“I see opportunities coming this year as restrictions are lifted, people start to move again and businesses open up,” Holappa said. “However, the office market is a real question mark. Many people have become accustomed to working remotely, and while office spaces welcome staff back to the office, the question of whether people will want to return remains. Some companies found that they had not experienced any loss in productivity due to remote working of their staff. The office market has already suffered negative pressure on rental rates, with some long-term vacant homes remaining in the central business district. There may be opportunities in the business brokerage industry as companies determine whether or not they want to keep the current level of office space or potentially downsize.
Regarding federal initiatives under the Biden administration and how they might affect CRE investments, Holappa explained that commercial real estate investors of all levels use a number of tools available to them. in the tax code, such as IRS Section 1031, which allows capital gains deferral and depreciation recapture when the proceeds of a sale are reinvested in similar investments. The way he sees it, Holappa said, this section of the code is potentially going to be restricted or limited under current federal proposals.
“The ability to transfer assets at death on an increased basis, you know, the value at the time of death to heirs, is also going to be potentially limited under the current proposals,” said Holappa. “Losing these tools would negatively impact investors and could cause them to just sit on investments rather than sell and trade. If this happens, it will negatively affect the CRE market across the country, including the twin ports, and therefore the brokerage services provided by the HCRE.
Holappa said the twin ports market has long needed additional industrial / warehouse space. He wouldn’t be surprised to see speculation arise with a new build. However, he added, the cost of construction is so high right now that it will likely be delayed and not happen in 2021.
Like Holappa, Tiffany Hughes has seen the ups and downs of commercial real estate for decades. Currently, she is President of A&L Properties, leasing and overseeing all areas of the company’s properties, from tenant relations to facilities management. She admitted that 2020 was undoubtedly a challenge, but other than most of the empty A&L buildings as many tenants were working from home, the business was very little affected by the rental. She said they had lost less than half a dozen tenants, the majority of which were one or two person farms. On the other hand, A&L brought in new tenants who leased a combined 16,000 square foot space, and they were able to retain and renew the leases with existing tenants filling over 55,000 square feet of space.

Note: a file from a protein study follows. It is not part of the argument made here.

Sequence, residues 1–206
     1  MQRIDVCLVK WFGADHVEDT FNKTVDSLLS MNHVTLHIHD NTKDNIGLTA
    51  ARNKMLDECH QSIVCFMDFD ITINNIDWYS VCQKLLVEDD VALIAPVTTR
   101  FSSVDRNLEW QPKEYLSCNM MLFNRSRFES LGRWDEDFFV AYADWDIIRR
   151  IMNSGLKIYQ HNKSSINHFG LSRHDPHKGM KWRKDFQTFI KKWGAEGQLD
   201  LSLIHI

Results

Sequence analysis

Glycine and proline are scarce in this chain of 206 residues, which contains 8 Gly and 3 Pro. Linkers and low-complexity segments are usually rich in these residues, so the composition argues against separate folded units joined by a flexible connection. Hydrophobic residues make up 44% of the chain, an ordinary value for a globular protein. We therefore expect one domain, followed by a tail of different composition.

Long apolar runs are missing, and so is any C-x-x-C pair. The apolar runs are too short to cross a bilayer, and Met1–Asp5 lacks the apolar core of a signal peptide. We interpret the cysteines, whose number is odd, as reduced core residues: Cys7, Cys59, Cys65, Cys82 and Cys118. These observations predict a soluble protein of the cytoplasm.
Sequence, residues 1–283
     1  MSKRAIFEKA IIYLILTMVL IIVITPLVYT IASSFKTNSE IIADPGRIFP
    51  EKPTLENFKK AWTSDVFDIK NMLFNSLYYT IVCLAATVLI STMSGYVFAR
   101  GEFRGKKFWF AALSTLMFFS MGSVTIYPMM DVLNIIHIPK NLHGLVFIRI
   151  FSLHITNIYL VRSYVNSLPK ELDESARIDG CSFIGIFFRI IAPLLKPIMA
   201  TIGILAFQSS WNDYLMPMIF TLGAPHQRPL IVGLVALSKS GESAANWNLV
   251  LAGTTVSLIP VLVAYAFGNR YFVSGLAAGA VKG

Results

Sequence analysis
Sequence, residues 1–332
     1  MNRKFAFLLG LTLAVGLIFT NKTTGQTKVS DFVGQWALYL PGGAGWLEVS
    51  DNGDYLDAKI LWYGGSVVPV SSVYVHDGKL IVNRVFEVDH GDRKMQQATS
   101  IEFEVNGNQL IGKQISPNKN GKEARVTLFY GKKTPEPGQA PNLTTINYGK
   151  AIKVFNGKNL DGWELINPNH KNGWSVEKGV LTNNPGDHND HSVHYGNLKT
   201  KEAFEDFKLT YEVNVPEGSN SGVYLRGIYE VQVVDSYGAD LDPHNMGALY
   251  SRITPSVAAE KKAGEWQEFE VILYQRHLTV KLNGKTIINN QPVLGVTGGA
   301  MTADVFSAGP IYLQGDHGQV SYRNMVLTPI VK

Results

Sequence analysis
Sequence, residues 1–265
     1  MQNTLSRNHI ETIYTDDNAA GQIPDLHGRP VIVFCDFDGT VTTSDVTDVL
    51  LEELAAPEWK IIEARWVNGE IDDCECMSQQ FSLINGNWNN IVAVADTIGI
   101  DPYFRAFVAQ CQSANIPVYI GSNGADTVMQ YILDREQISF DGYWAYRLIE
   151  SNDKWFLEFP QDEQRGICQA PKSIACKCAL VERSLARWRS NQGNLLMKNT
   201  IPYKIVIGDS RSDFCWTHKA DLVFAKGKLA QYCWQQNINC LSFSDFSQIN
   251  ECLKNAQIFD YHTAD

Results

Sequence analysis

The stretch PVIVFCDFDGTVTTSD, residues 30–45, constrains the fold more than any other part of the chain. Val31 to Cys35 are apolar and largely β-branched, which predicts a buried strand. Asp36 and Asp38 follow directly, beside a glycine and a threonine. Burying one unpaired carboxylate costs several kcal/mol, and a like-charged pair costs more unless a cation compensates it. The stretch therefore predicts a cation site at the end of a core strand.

“The biggest challenges our business faced in 2020 was around facilities management,” said Hughes. “We had to secure hard-to-find supplies and rearrange what was needed in our buildings so that tenants who weren’t working from home felt comfortable. We also continued to prepare our buildings to be ready when those who had worked from home returned to their offices. “
Regarding Twin Ports as a whole, Hughes said she knew some companies were struggling to retain tenants, but believed larger companies had not been too affected. The loans and assistance provided to businesses at the federal, state and local levels have been a lifeline for many businesses and landlords as businesses have been able to use the funds to pay rent, she added.
“Things are going well for A&L Properties so far this year,” said Hughes. “To date in 2021, A&L Properties has recruited two new tenants and we have renewed seven other large tenants. “
She noted that over the past year tenants have expressed two sets of concerns. First and foremost, everyone wanted to make sure that the offices and common areas of the building were cleaned thoroughly and frequently to provide a safe environment for their employees. Second, there were concerns that the challenges of the pandemic would make paying rent difficult, if not impossible.
“Our staff at A&L have worked tirelessly to keep their spaces and common areas clean, implementing additional special requests that tenants may also have,” said Hughes. “For tenants whose budgets were suddenly tight, we made individual plans until things turned around. “
For Titanium Partners, the hardest hit assets have been hospitality and retail, said Brian Forcier, President and CEO.
“Multi-family and industrial farms have resisted the pandemic well. I would say 2021 has started slowly in terms of rentals, but the development side of our business is very busy. “
Titanium Partners is currently overseeing the redevelopment effort of Duluth’s largest office building, the United HealthCare facility on Rice Lake Road. Forcier said he has seen strong interest in the property from potential tenants and expects success over the next two years at the current pace of rental activity.